Eyes on the Ground

Eyes on the Ground

Eyes on the Ground

Contributed by Joy Window, Member, Big Scrub Landcare.

When you walk through a rainforest, your attention is probably grabbed by the majestic trees and the sounds of birds, tumbling streams or the wind. But if you look down at your feet, you’ll find another equally fascinating world – that of fungi and slime moulds. What we think of as mushrooms are technically called the ‘fruiting bodies’ of a fungus. The main part of the fungus is a spaghetti-like net called the mycelium, which spreads over the ground or fallen tree or into the soil of the rainforest.

The mycelium is often microscopic but you can sometimes see it. Fungi can be divided into three categories: saprophytic, mycorrhizal and parasitic. Saprophytes (the main ones in rainforest) rot down dead material, allowing minerals to be recycled into the soil for use by living trees and other organisms. If they didn’t exist, what rainforest was left would be sky-high in fallen branches and trees.

The mycorrhizals have a ‘mutualistic’ association with living trees – the fine web of the mycelium gets into places tree roots can’t and extracts water and minerals, passing them into the tree roots. The tree in turn supplies the mycelium with the sugars it needs for life. All eucalypts and pines rely on this source of energy.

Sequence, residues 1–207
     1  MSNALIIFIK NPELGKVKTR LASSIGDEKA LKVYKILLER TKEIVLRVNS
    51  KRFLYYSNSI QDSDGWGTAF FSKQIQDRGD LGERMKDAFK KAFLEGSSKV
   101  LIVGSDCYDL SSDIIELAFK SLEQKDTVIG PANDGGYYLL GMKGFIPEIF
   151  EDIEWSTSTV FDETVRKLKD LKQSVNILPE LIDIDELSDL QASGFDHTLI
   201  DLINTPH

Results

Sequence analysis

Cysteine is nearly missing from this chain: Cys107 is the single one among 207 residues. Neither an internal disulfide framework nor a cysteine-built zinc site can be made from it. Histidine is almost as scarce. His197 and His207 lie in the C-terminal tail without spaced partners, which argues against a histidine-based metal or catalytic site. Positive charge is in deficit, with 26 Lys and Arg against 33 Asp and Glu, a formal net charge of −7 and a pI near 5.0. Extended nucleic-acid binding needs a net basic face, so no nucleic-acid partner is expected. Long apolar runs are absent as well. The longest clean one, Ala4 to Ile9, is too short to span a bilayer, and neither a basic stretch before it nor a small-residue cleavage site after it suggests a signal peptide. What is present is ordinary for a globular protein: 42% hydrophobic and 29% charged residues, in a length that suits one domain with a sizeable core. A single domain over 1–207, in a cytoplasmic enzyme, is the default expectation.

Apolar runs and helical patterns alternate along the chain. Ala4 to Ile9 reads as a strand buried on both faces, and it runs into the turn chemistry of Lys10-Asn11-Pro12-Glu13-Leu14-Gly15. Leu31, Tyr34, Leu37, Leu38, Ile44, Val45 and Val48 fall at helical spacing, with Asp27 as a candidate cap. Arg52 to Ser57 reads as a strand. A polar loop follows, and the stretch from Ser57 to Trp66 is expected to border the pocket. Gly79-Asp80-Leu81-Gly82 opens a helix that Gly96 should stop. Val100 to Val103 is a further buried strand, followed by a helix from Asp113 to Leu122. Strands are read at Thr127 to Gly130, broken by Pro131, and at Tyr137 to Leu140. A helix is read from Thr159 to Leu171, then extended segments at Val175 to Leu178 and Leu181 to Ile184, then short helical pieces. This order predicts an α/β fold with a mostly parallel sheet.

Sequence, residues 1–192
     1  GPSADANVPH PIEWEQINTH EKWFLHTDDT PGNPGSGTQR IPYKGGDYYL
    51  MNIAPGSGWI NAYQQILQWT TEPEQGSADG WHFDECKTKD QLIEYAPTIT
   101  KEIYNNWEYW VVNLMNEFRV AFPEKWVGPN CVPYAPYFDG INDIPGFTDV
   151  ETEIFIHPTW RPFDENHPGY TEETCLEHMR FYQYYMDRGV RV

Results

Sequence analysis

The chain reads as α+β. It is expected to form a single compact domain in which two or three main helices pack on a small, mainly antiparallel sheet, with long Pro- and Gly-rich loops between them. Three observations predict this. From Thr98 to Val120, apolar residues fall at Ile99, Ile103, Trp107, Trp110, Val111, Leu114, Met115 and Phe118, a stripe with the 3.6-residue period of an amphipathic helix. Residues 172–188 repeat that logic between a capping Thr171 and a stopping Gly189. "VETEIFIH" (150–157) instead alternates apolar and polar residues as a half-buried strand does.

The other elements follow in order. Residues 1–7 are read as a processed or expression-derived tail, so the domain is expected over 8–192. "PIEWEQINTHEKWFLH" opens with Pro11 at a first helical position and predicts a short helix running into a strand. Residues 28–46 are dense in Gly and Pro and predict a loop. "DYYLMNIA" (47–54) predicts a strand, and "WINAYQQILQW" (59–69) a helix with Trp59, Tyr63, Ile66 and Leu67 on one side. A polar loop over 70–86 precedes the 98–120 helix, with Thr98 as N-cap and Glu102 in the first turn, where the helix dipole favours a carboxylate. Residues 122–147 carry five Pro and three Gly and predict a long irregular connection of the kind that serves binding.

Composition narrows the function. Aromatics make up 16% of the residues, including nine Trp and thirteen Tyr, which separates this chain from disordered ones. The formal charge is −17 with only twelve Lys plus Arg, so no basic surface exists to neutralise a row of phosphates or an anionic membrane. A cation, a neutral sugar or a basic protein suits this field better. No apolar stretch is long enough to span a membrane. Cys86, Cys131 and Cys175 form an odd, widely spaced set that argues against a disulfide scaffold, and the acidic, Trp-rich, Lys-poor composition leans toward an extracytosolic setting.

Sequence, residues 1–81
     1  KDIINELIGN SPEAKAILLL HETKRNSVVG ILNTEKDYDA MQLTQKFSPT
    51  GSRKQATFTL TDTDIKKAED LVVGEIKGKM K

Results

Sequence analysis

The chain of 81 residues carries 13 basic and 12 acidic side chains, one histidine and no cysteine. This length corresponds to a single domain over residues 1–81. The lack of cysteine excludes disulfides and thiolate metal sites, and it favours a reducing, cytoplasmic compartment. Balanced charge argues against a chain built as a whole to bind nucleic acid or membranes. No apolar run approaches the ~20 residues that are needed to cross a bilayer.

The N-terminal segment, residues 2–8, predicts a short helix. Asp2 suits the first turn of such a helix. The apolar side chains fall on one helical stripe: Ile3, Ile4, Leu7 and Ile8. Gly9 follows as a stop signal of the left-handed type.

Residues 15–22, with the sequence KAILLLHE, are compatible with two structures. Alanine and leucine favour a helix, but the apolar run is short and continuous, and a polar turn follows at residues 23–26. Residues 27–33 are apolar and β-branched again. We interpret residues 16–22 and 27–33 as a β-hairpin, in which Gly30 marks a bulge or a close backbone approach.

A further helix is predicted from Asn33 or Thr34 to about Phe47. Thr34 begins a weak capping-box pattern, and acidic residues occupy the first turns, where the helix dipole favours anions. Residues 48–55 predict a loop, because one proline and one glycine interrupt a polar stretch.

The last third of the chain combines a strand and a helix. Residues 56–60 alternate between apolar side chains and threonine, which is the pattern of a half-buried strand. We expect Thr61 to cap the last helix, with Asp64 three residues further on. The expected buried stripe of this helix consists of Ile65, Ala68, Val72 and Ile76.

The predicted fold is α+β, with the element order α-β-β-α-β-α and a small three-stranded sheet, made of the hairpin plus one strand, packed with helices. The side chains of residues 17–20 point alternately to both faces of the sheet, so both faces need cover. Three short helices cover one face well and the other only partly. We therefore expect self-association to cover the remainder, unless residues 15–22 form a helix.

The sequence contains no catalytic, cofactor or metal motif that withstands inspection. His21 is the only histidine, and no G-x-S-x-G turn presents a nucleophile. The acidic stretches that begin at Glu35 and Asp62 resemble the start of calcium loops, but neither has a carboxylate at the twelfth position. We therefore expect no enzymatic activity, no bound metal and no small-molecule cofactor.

The parasites live on plants, insects, and animals, causing disease in agricultural crops, for instance. You might have heard of the cordyceps fungus that takes over some ants, changing their behaviour so that they walk out away from shelter where the fungus breaks through their skin, killing them, in order to distribute its spores into the open air. Fungi even grow on us humans, causing tinea, ringworm and lung diseases.

Birds, insects, worms, bacteria and mammals like the long-nosed potoroo of the North Coast eat fungi and help distribute the spores.

Another weird wonder of the forest floor is the slime mould. It’s not a plant, a fungus or an animal, although it can move like an animal. One of the most visible of the slime moulds is Fuligo septica, also known as dog’s vomit or caca de luna (moon poo). While looking like a slowly moving clump of scrambled eggs, it is actually one giant cell. It moves about the soil, feeding on bacteria, fungi and algae. When it’s ready, it stops moving and produces tiny (1.5–3 mm tall) stalked fruiting bodies, which produce dust-like spores. The spores form small, single cells which eventually merge to form the plasmodium stage (the dog’s vomit), which is the stage that moves, and the cycle continues. Springtails, beetles, snails (especially the Giant Panda Snail of the Big Scrub rainforests), slugs and flies eat slime moulds and help spread them.

So don’t forget to look down when you walk through the rainforest after a rainy day. Look at fallen tree branches and the inner surface of bark. Don’t forget to put everything back exactly as you found it – some fungi (and other organisms that live in the same places) can’t cope with drying out. It’s a different world!

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